Western pattern diet
The Western pattern diet, also called Western dietary pattern or the meat-sweet diet, is a dietary habit chosen by many people in some developed countries, and increasingly in developing countries. It is characterized by high intakes of red meat, sugary desserts, high-fat foods, and refined grains. It also typically contains high-fat dairy products, high-sugar drinks, and higher intakes of processed meat.
The term is used to describe this pattern of diet in medical literature, regardless of where the diet is found, and is often contrasted with the "prudent" diet, which has higher levels of fruits, vegetables, whole-grain foods, poultry and fish. Other dietary patterns described in the medical research include "drinker" and "meat-eater" patterns. Because of the variability in diets, individuals are usually classified not as simply "following" or "not following" a given diet, but instead by ranking them according to how closely their diets line up with each pattern in turn. The researchers then compare the outcomes between the group that most closely follows a given pattern to the group that least closely follows a given pattern.
Standard American Diet
The "Standard American Diet" (S.A.D.) is a similar term, specifically used to describe the stereotypical diet of Americans. The typical American diet is about 50% carbohydrate, 15% protein, and 35% fat, which is over the dietary guidelines for the amount of fat (below 30%), below the guidelines for carbohydrate (above 55%), and at the upper end of the guidelines for the amount of protein (below 15%) recommended in the diet.
The quality of the carbohydrate, protein, and fat is at least as important as the quantity. Complex carbohydrates such as starch are believed to be more healthy than the sugar so frequently consumed in the Standard American Diet. Fischer 344 rats fed cornstarch ad libitum lived nearly 10% longer than Fischer 344 rats fed sucrose ad libitum.
The Standard American Diet is high in saturated fat, but it is estimated that for every 1% of saturated fat energy that is replaced with polyunsaturated fat there would be more than a 2-3% reduction in coronary heart disease incidence And even for polyunsaturated fat, the high levels of omega-6 fatty acids compared to omega-3 fatty acids in the Western diet is believed to contribute to autoimmune and inflammatory diseases as well as cancer and cardiovascular disease.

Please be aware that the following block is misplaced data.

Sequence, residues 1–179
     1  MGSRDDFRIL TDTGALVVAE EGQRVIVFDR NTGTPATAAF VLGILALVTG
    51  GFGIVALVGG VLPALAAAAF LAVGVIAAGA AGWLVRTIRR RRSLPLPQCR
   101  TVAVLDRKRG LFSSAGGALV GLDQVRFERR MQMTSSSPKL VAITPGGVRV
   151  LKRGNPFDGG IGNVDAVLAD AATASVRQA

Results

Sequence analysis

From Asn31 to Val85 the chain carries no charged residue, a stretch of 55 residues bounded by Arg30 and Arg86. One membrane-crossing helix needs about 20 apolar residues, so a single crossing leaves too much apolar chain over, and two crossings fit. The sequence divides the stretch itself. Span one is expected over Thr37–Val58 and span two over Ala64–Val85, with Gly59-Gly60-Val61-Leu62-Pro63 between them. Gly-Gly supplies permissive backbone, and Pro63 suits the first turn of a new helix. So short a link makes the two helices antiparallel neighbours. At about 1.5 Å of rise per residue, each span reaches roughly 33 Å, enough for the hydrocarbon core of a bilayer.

A review of eating habits in the United States in 2004 found that about 3/4 of restaurant meals were from fast-food restaurants, where as only 1% were fine food dining restaurants. Nearly half of the meals ordered from a menu were hamburger, French fries, or poultry — and about one third of orders included a carbonated beverage drink. From 1970 to 2008, the per capita consumption of calories increased by nearly one-quarter in the United States and about 10% of all calories were from high-fructose corn syrup.
Compared to the "prudent" diet, the Western pattern diet, based on epidemiological studies of Westerners, is positively correlated with an elevated incidence of obesity, death from heart disease, cancer (especially colon cancer), and other "Western pattern diet"-related diseases. Breast cancer epidemiologists have identified a "Western/Unhealthy" dietary pattern that is high in red/processed meats, refined grains, potatoes, sweets, and high-fat dairy by means of multivariate statistics methods, like principal components analysis and factor analysis; they find that, overall, women with a more Western diet have an increased risk of breast cancer that is not statistically significant.
- European cuisine (also called Western cuisine)
- Fast food
- Healthy diet
- Junk food
- Mediterranean diet
- Metabolic syndrome
- Nutritional gatekeeper
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